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How to Grow Your Own Privacy Screen for Balcony and Container Gardens

When planning on making a privacy screen on your balcony or container garden, you have four things to consider: The amount of light your place gets, the amount of headroom and space your balcony and container garden has, planter boxes, and the evergreen plants that will work in the first two situations.

1. Assessing The Amount of Sun

As with any new plant you consider bringing on your balcony or container garden, you have to consider the amount of light the place actually gets. A lot of times people are interested in creating a privacy screen on their balcony because the building that faces your balcony is thisclose. Well, those situations are often part-shade or full-shade, so make sure you pick a plant that likes the kind of sun you’ve got.

2. Considering Your Balcony’s Height

Another thing to consider is the height of your balcony. Many times, your upstairs neighbor’s balcony is directly overhead. It might feel claustrophobic if you pick a plant that will grow to touch the ceiling of your balcony. Remember that you’ll be planting your privacy screen in a container that is probably about 18 inches off the ground, to begin with, so don’t forget to add that number on to the mature height of your plant to determine how tall it will actually be.

3. Planter Boxes

When it comes to creating a privacy screen, I think you’ll be happier with planter boxes. They will help create a uniform look and can provide more growing room for your shrubs without adding ridiculous amounts of extra weight to your balcony. Plus, they’re frost hardy. I recommend either buying planter boxes with wheels or adding them so that you can periodically rotate your boxes and help your plants get even amounts of light.

4. Great Privacy Screen Plants

  • Podocarpus – I really love Podocarpus, so long as it isn’t sheared into some sort of horrible shape. Leave them alone! They form such nice, airy, well-behaved shrubs. A particularly beautiful variety is Icee Blue Yellow-Wood (Podocarpus elongatus ‘Monmal’) that has blue-silver leaves.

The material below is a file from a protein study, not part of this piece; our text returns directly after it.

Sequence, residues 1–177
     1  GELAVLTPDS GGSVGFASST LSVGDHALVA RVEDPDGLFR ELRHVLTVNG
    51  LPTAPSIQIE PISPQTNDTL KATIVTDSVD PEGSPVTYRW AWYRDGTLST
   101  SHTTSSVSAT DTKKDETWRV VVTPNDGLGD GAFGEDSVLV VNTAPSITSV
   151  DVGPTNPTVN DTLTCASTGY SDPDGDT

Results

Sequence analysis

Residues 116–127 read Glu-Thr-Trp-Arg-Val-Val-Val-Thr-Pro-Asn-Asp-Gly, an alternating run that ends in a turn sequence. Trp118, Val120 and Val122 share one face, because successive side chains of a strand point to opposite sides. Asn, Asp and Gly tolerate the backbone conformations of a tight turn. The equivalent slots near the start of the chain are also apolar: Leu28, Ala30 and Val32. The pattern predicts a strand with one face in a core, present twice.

• Holly – If year-round interest is important to you, or attracting wildlife, then Hollies are a great bet. There are many attractive varieties with variegated leaves, and they have red berries in the winter for your feathered balcony guests.
  • Bamboo – Some bamboos have gotten a bad name because they can take over through spreading rhizomes. But that’s not really a worry for us container gardeners. Pleioblastus chino vaginatus variegatus is a beautiful option with variegated leaves that will grow to about 6 feet. Sasa palmata is a great option for cooler climates or balconies without much sun; it grows to about 6 feet.
  • Gardenia – In a small space, I demand that plants serve more than one purpose, and Gardenias are definitely up to the task. They have dark green, glossy leaves, and are easily maintained as privacy hedges. But they also have glorious flowers that smell divine. I saw Monrovia’s Everblooming Gardenia at the Garden Writers Symposium. It wasn’t in bloom at the time, but supposedly it has huge flowers and will bloom from Spring to Summer.

Have you ever created a living privacy screen? Share your tips and nosy-neighbor horror stories in the comments!

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